Adventure Stories

Overcoming My Fear of Heights with the Adirondack Firetower Challenge

fire tower
Written by Chelsea Champion

For hiking enthusiasts in all parts of the world there is a long list of climbing challenges to tackle in a lifetime. Completing the Appalachian or Pacific Crest Trails in their entirety, climbing all of the high peaks in each of the 50 states, or summiting the ominous and ever-coveted Everest: these are just a few of the popular crown jewels of hiking. As somewhat of a hiking amateur, I decided to opt for something a little more local, low key, and attainable according to my standards: the Adirondack Mountain Club’s Fire Tower Challenge.

For me, the challenge was two-fold. First, climb the 23 required fire towers:  including 18 in the Adirondack Mountains and 5 in the Catskills. Oh yeah….and overcome my overwhelming fear of heights.

The towers were originally constructed following the Forest Commission Act of 1885, intended to spot and prevent forest fires in New York State’s wild forests and state land which was at risk from heavy logging at the time. Many of these steel and wood structures, consisting of a nearly skeletal frame and stairwell with a small box-like cabin, were erected in the early 20th century. Used over several decades, the towers became less popular with the growing use of aircraft for fire detection, and the last operating towers were closed by the early 1990’s.

Today, 30-some-odd towers remain, many of which have been (or are scheduled to be) restored. They serve as a reminder of New York’s rich conservation history and provide a glimpse into years past – and also into valleys and mountains near and far. With their optimum vantage points atop lower-elevation mountains (necessary to spot fires of course!), these fire towers provide hikers with unrivaled views of the surrounding landscape.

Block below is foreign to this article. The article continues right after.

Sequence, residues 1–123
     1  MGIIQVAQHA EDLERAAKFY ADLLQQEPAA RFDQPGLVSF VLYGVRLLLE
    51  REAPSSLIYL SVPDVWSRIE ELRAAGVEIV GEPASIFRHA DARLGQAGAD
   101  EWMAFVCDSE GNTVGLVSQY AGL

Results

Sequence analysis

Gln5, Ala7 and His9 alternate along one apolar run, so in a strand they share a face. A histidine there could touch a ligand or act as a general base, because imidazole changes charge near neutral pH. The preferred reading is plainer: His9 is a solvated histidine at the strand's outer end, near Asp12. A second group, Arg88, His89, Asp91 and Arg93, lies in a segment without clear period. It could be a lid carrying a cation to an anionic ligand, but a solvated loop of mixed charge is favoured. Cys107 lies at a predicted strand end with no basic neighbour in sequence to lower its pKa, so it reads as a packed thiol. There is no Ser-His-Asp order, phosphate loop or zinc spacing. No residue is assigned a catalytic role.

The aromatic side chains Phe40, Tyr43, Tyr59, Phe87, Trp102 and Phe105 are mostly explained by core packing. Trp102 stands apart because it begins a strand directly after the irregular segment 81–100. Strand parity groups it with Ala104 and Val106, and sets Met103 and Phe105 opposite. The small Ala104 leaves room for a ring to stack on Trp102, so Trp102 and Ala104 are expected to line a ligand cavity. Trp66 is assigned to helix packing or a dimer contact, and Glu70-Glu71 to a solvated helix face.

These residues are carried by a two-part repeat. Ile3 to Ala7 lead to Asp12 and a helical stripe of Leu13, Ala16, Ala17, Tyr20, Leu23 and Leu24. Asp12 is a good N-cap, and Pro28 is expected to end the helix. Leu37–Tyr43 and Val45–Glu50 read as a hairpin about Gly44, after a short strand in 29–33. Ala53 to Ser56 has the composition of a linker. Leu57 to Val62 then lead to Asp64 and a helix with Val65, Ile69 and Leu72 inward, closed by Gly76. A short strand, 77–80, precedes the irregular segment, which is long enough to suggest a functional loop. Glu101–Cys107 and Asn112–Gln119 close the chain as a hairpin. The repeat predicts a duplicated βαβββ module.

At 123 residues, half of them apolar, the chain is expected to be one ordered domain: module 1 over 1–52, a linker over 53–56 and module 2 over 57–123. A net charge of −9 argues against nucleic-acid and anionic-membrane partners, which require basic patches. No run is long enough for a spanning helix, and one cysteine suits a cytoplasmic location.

That is, if you’re brave enough to climb them.

I climbed my first fire tower in May 2015. Scratch that – let me rephrase. That was my first complete fire tower hike. I had probably attempted to climb two or three towers prior to this – but chickened out each time. Enter: my fear of heights.

My friend Amanda was actually the one to suggest the idea – as she had already set out to start hacking away at the list of required towers for the challenge. So we took a drive up to Kane Mountain in the Southeastern Adirondacks.

The trail to the summit of Kane was somewhat remote and less frequented than many of the other fire tower trails and around two miles round trip. Though short, it was rigorous and steep. When we arrived at the summit we were disappointed to find that the top was mostly forested, with little to no open views. The tower rose above us and in a clearing to the left stood the old ranger cabin (in disrepair).

Unfortunately for me, getting a look at any views would require a climb up the fire tower before us. The REALLY TALL fire tower. These colossal lookouts range anywhere from 30ft to 90ft tall. Oh, and did I mention rickety?! They sway in the wind, the boards creak beneath your feet, and only a few bars of metal and some chicken wire stand between you and the open air (and the ground below!). The tower on Kane was (only?!) a moderate 60ft. You might as well have told me I was standing on the wing of a plane a mile up in the sky…